And for the last time, let's talk about how events in this episode pay off down the road:

• Kima refusing to ID Wee-Bey will be reflected in her refusal to go along with Jimmy and Lester's plan to get Marlo. Sometimes, things just gotta play hard, right?

• When "Sentencing" originally aired, I was amazed that someone as bright as McNulty somehow was dumb enough to ignore Lester's warnings about how to answer the "Where don't you want to go?" question. Eventually, I tried to write it off as Jimmy punishing himself for what he did to D'Angelo and everyone else, but in season two we find out that Jimmy did, in fact, keep his mouth shut, and that Landsman ratted him out just so he could win their bet from the first episode.

• Stringer will work out of this funeral home for the rest of his run, though the place looks different in later seasons. Simon couldn't remember whether or not they changed locations between seasons, but we also don't see the inside of the viewing rooms here, which is where most of Stringer's memorable economics lectures will take place. So it could be the same location throughout in real life, and in the show's world it's supposed to be.

• D'Angelo never does get to breathe free, now does he? Sigh... I can take some (very) small solace from watching Jimmy emotionally destroys Brianna for what she does here when she confronts him in season three (skip ahead to about the five minute mark, and then watch how good Dominic West and Michael Hyatt can be).

• In the end, Lester's arrogance will be the undoing of his career the same way it will be for McNulty, but his other happy ending from this season sticks, as Shardene will still be his special lady friend by the time we get to the series finale.

• While Prez proves himself to be a good police over the course of this season, he's right to not really want that gun back, given what happens with the undercover cop at the end of season three. In retrospect, Prez would have been a lot happier if Daniels hadn't saved his job after the Kevin Johnson incident.

• It's been a while since I watched season two. I know Jimmy tries to get back into Ronnie's pants a few times over the next two seasons, but is this the last time it actually happens?

Coming up next: Nothing. Summer's just about over, new TV shows start debuting as of Monday, and I unfortunately won't have time to move on to season two until at least next summer. (And I still have to do those "Sports Night" reviews I've been promising for forever; maybe that'll be a circa-Christmas/Chanukah/New Year's thing, but don't hold me to it.) It's been really gratifying to read comments in both versions of these reviews from people who said they finally started watching the series because of me and quickly raced through the later seasons.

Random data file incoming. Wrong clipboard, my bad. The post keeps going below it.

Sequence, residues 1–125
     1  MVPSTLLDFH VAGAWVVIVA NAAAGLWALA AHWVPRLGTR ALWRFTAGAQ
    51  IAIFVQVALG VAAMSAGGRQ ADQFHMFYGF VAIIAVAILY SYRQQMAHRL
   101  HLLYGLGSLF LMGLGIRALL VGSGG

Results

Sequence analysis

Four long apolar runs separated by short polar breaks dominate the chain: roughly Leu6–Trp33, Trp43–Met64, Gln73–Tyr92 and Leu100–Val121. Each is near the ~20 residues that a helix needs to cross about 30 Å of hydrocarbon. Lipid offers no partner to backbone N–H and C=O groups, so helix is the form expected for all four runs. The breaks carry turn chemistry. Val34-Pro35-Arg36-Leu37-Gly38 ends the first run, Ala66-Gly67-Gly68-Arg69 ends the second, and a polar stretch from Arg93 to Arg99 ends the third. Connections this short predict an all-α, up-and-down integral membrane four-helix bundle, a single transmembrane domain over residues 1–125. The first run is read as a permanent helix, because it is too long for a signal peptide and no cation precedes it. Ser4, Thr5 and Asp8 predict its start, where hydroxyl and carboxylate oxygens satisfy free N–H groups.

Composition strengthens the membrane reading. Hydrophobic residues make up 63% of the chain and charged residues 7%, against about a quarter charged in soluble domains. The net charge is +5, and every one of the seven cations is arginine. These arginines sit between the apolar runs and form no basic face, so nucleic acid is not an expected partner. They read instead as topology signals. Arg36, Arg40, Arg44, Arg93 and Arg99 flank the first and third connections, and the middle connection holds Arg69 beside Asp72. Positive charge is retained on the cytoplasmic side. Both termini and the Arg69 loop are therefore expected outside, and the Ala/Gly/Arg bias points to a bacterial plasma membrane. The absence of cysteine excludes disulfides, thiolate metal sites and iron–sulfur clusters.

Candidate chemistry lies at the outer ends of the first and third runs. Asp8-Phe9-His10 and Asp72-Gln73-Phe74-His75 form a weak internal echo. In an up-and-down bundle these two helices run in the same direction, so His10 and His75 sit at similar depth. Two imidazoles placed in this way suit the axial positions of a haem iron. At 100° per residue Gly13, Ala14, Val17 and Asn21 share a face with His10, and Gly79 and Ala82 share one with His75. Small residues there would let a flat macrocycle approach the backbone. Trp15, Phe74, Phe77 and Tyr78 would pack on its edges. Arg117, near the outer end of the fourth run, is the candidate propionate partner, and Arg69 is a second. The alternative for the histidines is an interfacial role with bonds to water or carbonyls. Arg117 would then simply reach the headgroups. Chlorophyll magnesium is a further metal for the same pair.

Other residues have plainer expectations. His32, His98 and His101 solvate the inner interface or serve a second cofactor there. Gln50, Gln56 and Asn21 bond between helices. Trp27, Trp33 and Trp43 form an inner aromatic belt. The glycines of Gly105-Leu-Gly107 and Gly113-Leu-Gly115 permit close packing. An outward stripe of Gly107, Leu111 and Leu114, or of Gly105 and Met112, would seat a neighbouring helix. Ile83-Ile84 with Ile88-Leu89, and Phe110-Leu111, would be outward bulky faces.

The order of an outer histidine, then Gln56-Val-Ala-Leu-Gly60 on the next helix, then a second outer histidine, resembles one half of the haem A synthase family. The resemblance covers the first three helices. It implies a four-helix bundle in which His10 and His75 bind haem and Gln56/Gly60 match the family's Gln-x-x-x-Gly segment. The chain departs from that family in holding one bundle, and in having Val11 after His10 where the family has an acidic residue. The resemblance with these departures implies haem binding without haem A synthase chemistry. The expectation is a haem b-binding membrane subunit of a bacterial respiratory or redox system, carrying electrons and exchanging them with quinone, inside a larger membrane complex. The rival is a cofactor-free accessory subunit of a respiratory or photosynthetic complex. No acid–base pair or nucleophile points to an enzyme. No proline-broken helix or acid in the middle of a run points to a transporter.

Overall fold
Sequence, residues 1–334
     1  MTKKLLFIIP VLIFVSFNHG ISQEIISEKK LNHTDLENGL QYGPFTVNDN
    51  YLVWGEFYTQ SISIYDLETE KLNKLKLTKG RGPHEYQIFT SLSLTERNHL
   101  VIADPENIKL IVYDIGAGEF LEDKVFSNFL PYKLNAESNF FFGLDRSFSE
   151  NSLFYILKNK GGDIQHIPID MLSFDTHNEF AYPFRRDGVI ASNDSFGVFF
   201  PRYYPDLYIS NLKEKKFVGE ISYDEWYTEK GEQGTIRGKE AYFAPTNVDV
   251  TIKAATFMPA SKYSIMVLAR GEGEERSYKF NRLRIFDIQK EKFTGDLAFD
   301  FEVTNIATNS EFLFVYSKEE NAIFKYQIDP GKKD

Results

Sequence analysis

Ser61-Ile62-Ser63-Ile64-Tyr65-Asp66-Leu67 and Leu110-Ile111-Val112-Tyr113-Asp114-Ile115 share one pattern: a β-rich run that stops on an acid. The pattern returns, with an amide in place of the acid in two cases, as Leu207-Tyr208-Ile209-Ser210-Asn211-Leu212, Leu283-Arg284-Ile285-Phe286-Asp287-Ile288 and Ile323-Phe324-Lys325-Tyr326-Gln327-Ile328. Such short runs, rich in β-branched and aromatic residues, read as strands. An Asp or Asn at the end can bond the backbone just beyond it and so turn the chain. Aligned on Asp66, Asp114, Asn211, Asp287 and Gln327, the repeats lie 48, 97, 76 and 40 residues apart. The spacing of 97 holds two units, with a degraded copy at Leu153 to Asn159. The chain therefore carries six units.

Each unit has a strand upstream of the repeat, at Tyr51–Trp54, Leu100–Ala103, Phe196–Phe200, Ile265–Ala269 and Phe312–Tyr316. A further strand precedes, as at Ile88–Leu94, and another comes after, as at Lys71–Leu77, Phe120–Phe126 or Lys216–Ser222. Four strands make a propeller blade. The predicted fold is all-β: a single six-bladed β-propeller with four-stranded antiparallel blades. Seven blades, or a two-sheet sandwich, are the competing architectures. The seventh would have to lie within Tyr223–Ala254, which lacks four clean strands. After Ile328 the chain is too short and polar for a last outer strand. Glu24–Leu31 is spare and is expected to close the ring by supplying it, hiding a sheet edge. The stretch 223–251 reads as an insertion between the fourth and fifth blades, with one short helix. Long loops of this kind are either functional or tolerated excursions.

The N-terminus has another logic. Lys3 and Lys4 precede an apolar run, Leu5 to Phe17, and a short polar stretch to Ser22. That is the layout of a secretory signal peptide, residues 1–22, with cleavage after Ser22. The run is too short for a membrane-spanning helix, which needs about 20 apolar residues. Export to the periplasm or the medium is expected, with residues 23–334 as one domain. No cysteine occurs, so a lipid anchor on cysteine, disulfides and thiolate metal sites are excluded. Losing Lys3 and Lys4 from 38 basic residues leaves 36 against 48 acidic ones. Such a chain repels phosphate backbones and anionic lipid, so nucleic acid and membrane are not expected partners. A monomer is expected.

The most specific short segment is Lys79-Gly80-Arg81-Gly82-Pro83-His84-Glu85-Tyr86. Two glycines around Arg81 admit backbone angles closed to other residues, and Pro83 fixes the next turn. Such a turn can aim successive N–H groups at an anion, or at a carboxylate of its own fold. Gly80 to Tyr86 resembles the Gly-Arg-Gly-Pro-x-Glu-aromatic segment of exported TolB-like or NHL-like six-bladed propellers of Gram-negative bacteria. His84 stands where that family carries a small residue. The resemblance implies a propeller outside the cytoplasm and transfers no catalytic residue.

As a reminder, you can find my reviews of season four here, and of season five here. Eventually, I'll get around to chronicling the adventures of Frank Sobotka, Ziggy, Fruit and company.

What did everybody else think?


Anonymous said...

Another sterling write-up, Alan. I've really enjoyed this series, and only wish I could have had something like this back when I started watching the show.

I'd also like to point out one scene that always sticks in my head when I think of the Season 1 finale. It occurs in the montage, as we see Stringer counting his profits. The camera pans across the room to where he sits and holds close on his face, and then he looks up, directly into the camera, at the viewer. It was an odd yet strangely powerful moment, and I think it would be the only time The Wire allowed a character to break the Fourth Wall.

Anonymous said...

You said "Carver's a knucklehead and a rat", didn't you mean Herc ?

Alan Sepinwall said...

You said "Carver's a knucklehead and a rat", didn't you mean Herc ?

No, I meant Carver. Herc's not the one who was ratting the detail out to Burrell; Carv was.

Ben said...

Good stuff Alan! I have looked forward to these reviews every week. Dont keep us waiting for the Season 2 guide to long please...

StickUpKid said...

I am so sad to see these reviews come to an end. I was inspired by this rehashing of season 1 to buy the DVD. And now season 2 is on its way to my mailbox. Its been a while but I remember season 2 as being my favorite. (Ziggy, the Sbotkas, our first meeting with Cheese "Method Man" Wagstaff and A giant pile of coke and a water hose. Need I say more?) Its going to be a long wait for recaps for S2.

Its hard to imagine where you find the time to do all of these reviews as is but I hope against hope that you can find time to review season 2. My friends get sick of me bringing up plot points and memeorable scenes from the Wire so who am I going to talk to now?

Thanks Alan. Whenever you do get to it, it will be well worth it!

Anonymous said...

I disagree with your defamation of Carver as a 'knucklehead' though I can understand if you're chagrined. He's not always level-headed but he proves himself to be a great sergeant in S05 and a good police throughout. Need I mention his tireless, albeit ultimately and tragically fruitless, efforts to save Randy? He also says my favourite line in the episode: "cops will never win against the dealers because if the dealers screw up they get beat and if the cops screw up they get pensions"

How great was it to see Rhonda happy as a duck? I don't think we see her that glad again until the series finale [though I could be wrong]

Anonymous said...

Alan, re: your comment about Herc